A correlation test was chosen for the analysis of data in this study rather than the alternative statistical test of agreement between methods of clinical measurement suggested by Altman and Bland. 29 The latter technique was not appropriate for this study because the measurements of the same parameter obtained by the different techniques gave values in different (not interconvertible) units. In view of the adoption of the “correlation” approach in this study, the study strictly evaluated “association” rather than “agreement” between the measurement techniques. 29
This experiment failed to identify a significant correlate with PRT wetting. Therefore it does not offer a clear, empirical resolution of the question of what the PRT actually measures through comparison with other accepted methods of assessment of tear volume or production. Others have also not obtained a correlation between tear meniscus height and an absorption test for tear production (Schirmer test 30) in normal subjects. Scherz et al. 31 found a correlation with meniscus height and volume obtained by a fluorometer technique in normal subjects and dry eye patients, but not with the Schirmer test and tear volume. Meniscus height and kinetic Schirmer results are correlated in dry eye patients. 32 Certainly the potential for correlation is greater with a wider range of values offered by the inclusion of a dry eye group. Work on normal subjects, however, may have been expected to yield significance if a true relation existed if a large enough range of values of the parameters were included (in this study, PRT varied from 8 to 30 mm, TMH from 0.19 to 0.68 mm, and tear turnover rate from 5.75% to 52.78% per minute). A previous study incorporating dry eye patients and normal subjects did find a correlation between PRT and TMH. 33 However, their photographic technique for measuring TMH required installation of fluorescein into the eye from a strip moistened with 10 μl of saline. The addition of all, or part of, this extra fluid into an eye with between 2.74 and 7 μl 34 of preexisting tears is likely to swell the tear meniscus (80% of fluid in the eye is at this location 33) and to precipitate reflex tearing, thus rendering their results different and not comparable to this study.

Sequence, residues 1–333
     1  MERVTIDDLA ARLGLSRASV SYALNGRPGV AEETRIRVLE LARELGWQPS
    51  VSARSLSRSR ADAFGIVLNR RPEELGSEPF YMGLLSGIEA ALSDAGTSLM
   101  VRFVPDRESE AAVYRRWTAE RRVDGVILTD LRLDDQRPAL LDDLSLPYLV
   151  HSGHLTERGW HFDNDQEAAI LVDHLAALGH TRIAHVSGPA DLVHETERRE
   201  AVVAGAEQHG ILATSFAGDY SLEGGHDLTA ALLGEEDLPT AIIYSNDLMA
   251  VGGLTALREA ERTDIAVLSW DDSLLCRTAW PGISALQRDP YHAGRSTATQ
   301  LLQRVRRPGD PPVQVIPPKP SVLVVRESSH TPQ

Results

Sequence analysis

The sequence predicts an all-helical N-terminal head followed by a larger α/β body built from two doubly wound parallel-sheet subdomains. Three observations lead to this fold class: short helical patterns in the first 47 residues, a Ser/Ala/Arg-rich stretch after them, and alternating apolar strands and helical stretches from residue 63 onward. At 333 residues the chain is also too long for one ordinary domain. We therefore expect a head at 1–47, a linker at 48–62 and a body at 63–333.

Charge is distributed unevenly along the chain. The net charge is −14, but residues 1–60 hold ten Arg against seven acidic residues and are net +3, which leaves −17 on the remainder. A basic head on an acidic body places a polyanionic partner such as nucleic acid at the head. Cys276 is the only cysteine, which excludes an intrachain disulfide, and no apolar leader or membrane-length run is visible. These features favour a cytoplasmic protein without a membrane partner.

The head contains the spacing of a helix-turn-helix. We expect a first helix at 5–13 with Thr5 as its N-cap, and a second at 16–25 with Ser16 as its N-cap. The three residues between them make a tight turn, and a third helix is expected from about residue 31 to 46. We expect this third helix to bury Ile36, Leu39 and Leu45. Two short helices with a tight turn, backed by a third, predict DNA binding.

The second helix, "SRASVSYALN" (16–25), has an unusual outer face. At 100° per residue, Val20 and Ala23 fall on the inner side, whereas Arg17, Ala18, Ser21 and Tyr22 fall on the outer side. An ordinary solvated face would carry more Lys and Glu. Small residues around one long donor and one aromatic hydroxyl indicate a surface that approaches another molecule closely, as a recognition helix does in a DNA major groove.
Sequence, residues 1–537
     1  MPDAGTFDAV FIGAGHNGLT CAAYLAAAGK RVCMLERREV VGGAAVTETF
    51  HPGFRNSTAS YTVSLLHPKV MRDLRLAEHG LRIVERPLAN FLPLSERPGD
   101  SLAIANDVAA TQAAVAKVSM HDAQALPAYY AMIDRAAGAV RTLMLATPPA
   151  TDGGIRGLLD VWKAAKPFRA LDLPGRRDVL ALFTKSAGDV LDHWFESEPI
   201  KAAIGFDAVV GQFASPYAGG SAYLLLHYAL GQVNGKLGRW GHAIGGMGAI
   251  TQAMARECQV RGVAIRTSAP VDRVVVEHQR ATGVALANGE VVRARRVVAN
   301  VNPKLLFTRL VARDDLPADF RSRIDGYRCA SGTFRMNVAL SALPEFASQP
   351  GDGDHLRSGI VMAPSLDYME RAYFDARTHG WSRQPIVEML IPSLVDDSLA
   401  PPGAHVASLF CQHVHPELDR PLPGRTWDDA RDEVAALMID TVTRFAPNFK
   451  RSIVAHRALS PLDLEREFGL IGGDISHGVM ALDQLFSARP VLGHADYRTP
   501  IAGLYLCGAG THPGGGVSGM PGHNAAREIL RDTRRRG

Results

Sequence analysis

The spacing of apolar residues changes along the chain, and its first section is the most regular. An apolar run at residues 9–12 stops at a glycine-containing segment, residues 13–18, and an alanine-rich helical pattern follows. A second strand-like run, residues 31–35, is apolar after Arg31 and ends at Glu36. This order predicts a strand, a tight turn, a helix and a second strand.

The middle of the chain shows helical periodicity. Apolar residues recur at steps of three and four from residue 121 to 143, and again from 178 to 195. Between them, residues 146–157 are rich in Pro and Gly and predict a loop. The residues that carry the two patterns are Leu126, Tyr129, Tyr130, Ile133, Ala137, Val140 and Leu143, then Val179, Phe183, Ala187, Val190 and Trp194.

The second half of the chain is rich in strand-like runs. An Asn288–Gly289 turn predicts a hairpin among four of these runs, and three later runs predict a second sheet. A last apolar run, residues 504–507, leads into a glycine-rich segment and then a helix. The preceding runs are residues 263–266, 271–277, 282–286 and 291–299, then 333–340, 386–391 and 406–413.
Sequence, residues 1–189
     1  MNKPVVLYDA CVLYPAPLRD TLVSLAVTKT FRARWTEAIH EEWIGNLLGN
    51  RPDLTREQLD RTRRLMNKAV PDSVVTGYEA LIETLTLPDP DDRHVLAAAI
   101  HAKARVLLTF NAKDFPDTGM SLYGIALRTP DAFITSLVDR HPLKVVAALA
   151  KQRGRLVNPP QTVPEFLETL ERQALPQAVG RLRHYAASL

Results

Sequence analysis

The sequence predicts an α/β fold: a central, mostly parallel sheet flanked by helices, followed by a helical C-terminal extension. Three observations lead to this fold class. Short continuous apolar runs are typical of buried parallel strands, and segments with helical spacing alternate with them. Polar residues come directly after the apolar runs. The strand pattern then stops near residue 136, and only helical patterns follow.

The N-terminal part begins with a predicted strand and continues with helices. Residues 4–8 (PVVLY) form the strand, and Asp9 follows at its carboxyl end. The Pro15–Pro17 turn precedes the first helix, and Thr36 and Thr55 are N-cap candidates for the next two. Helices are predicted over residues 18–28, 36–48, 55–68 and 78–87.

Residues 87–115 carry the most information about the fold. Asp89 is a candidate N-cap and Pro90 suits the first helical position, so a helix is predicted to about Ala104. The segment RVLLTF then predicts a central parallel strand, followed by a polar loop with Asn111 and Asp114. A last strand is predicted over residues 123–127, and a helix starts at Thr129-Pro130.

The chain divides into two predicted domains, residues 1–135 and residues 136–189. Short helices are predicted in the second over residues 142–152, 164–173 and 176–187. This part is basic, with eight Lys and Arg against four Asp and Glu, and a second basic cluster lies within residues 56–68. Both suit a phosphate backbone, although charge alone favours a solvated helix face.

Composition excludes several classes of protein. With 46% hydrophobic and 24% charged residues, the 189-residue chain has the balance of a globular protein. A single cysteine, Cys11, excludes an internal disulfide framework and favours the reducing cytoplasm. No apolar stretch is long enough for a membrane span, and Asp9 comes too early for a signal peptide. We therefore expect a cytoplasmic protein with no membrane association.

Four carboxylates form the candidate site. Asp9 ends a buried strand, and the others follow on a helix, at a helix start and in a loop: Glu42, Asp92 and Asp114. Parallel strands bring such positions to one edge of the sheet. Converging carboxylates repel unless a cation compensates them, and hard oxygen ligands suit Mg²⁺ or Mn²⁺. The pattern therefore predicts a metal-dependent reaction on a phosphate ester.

The present study offers no clear evidence that the phenol red thread test measures tear volume. The comparison of the PRT wetting with volume determined with previously established methods, tear meniscus height or fluorophotometry, yields no significant correlation. It is perhaps significant that the latter two volume measures do not correlate (Table 2). Clearly these existing tests measure different aspects of tears by “meniscus swelling” (TMH) and by calculation of the tear dilution based on volume assumptions (fluorophotometric technique). Neither correlate with the “amount of residual tears” in the eye as indicated by PRT wetting length. The presumption that PRT wetting length should provide a measure of tear volume or residual tears in the lower conjunctival sac needs to be reexamined. The volume of tears in young subjects averages 7 μl. 29 The average absorption of tears by phenol red thread in 15 s has been shown to be just >0.5 μl. 20 Therefore, the proportion of total tears resident in the eye and absorbed by the phenol red thread is about 7.5%. Therefore, full elimination of tears from the eye and a consequent assessment of tear volume (or residuals) is unlikely to occur with the PRT.
The results of this study suggest that the PRT is unlikely to measure tear volume of the eye or residual tears in the lower conjunctiva. It is more likely that it measures uptake of an (small) amount of fluid residing in the eye and stimulates a low degree of reflex tearing. It is not possible to say categorically whether this reflects the whole of the basal and/or a (small) part of the reflex level of tear secretion. 38 Although the PRT is more comfortable for patients than the Schirmer test, it may not offer as valid a measurement of reflex tear facility.
Received August 3, 2000; revision received December 27, 2000.
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